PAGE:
Let’s start with a definition. Embedded analytics is the integration of analytic content and capabilities within business process applications. It provides relevant information and analytical tools designed so users can work smarter and more efficiently in the applications they use every day.
Common Embedded Analytics Capabilities within Software Applications
Successful embedded analytics projects have more than appealing data visualizations. Embedded dashboards and reports should generate new insights and actions. The most common analytics capabilities include:
- Dashboards and data visualizations: charts and graphs that display performance metrics
- Static and interactive reports: tabular views of data without or without parameters and scheduling capabilities
- Self-service analytics and ad hoc querying: enables users to ask their own questions of the data by exploring a set of data
- Benchmarking: comparing performance metrics against best practices from external data
- Mobile reporting: ensures interactive functionality on mobile devices and takes advantage of capabilities specific to mobile devices
- Visual workflows: incorporating transactional capabilities directly within the analytic user interface, sometimes referred to as write-back
- Predictive analytics: an area of machine learning and artificial intelligence that lets users answer the question, “What is most likely to happen based on my current data, and what can I do to change that outcome?”
How Is Embedded Analytics Software Different than Business Intelligence Software?
One of the questions we’re often asked is how embedded analytics software is different than traditional business intelligence software. The answer is, “It’s all about context.”
Business intelligence is a set of independent systems (technologies, processes, people, etc.) that aggregate data from multiple sources, prepare the data for analysis, and then provide reporting and analysis on that data from a central view point. It is most optimized for supporting managerial level decisions that require highly aggregated views of information from across a department, function, or entire organization. These systems are specifically developed to operate within the silo of someone who solely performs data analysis.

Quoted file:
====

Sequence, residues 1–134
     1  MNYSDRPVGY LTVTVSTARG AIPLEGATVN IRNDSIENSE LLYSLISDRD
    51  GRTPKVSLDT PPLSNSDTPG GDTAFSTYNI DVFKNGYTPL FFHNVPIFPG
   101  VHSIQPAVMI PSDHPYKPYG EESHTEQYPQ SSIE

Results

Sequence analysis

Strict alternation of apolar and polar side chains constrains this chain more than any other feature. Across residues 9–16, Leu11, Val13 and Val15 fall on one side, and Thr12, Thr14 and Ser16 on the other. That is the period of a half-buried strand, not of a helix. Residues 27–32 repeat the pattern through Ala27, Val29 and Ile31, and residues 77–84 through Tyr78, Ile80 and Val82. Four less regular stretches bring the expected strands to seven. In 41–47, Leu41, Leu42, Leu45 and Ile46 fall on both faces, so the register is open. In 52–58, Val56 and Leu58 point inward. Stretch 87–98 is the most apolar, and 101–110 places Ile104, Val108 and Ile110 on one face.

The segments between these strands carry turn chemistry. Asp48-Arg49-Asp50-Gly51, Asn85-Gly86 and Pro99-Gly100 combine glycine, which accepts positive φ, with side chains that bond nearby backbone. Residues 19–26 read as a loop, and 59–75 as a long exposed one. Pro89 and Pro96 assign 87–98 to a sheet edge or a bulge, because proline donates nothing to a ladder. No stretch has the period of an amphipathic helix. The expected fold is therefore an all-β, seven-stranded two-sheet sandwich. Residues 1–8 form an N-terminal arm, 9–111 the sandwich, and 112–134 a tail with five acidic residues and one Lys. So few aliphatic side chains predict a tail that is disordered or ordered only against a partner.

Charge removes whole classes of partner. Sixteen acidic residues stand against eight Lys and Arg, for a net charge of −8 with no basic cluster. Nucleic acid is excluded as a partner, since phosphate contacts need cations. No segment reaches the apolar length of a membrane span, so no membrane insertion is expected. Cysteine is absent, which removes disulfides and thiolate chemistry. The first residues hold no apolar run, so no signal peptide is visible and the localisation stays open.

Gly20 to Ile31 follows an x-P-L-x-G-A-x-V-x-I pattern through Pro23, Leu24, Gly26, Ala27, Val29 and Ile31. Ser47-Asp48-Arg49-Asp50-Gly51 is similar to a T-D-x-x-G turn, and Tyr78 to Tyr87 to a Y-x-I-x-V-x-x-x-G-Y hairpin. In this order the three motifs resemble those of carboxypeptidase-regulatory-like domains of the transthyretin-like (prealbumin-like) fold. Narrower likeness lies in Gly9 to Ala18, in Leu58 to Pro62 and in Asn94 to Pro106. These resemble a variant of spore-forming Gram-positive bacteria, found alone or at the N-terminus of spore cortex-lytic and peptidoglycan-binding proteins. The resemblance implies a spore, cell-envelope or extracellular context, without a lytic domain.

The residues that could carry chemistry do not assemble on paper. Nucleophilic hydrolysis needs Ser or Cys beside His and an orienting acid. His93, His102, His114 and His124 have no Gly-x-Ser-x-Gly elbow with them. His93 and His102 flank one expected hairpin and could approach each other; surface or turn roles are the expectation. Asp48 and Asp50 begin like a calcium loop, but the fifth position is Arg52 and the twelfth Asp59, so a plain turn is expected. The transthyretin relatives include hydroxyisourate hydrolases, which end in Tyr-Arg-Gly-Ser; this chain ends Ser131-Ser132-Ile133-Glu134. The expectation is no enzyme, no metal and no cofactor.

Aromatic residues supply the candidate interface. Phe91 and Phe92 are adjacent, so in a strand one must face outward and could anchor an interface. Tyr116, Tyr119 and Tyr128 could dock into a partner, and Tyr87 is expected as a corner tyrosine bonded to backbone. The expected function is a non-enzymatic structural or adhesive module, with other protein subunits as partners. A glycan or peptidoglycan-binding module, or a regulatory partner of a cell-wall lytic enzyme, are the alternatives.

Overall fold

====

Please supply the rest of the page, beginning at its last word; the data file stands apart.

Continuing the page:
Embedded analytics, on the other hand, is a set of capabilities that are tightly integrated into existing systems (like your CRM, ERP, marketing automation, and/or financial systems) that bring additional awareness, context, or analytic capability to support decision-making related to very specific tasks. These tasks may require data from multiple systems or aggregated views, but the output is not centralized overview of information. It is targeted information to support a decision or action in the context in which that decision or action takes place.
Said another way, business intelligence is a map that you utilize to plan your route before a long road trip. Embedded analytics is the GPS navigation inside your car that guides your path in real time.
While traditional BI has its place, the fact that BI applications and business process applications have entirely separate interfaces forces users to switch between multiple applications to derive insights and take action. Nucleus Research estimates that switching from one application to another to get business insights wastes up to two hours per employee each week.
Unlike traditional business analytics software, an embedded analytics platform puts information and insights inside the applications people use every day. When advanced analytics capabilities are embedded in existing software, users get a better application experience and can be more productive by combining insight and action in the same application.
Real-World Examples of Embedded Analytics Applications
Salesforce: If you work for a company that has a sales team, chances are you’re familiar with Salesforce.com. When people think of embedded analytics in a B2B context, they’re usually thinking of the Salesforce model, where analytics are sprinkled throughout the application in a few key places like the homepage and an analytics tab. Salesforce has two tabs – Dashboards and Reports – where users can consume information and create their own reports all within the platform. Users can also customize their homepage to show key performance indicators, such as quarterly sales and leads against quota. While this is a good start, we’d like to propose that embedded analytics can be more than this such that it’s integrated into the core workflows of the application, not just the UI.
Amazon: Amazon is the Gold Standard for providing relevant analytics to encourage on-site conversion. Fundamentally, Amazon exists to sell books. They have great processes to support the ecommerce experience – including fast shipping, low prices, and Buy Now with 1-Click. But Amazon also satisfies customers’ informational needs by providing product ratings, video reviews, and suggested products. They’ve added tremendous value by providing relevant analytic information at the point of transaction to create a superior customer experience.
This is the first post in a new series on embedded analytics, so stay tuned for info on the five levels of embedded analytics maturity, how to go to market with your analytics functionality, advice for getting started with your analytics projects, how to calculate ROI for embedded analytics, and more!
Improve Productivity and the User Experience with an Embedded Analytics Platform
Embedded analytics improves the user experience while increasing end-user adoption and growing revenue. Unlike business intelligence software, embedded analytics keeps users in the applications they use every day and puts valuable data in their hands that they can use to make decisions or glean insights quickly and easily. If you’re interested in learning how an embedded analytics solution works, you can see a demo of Logi’s embedded analytics platform here.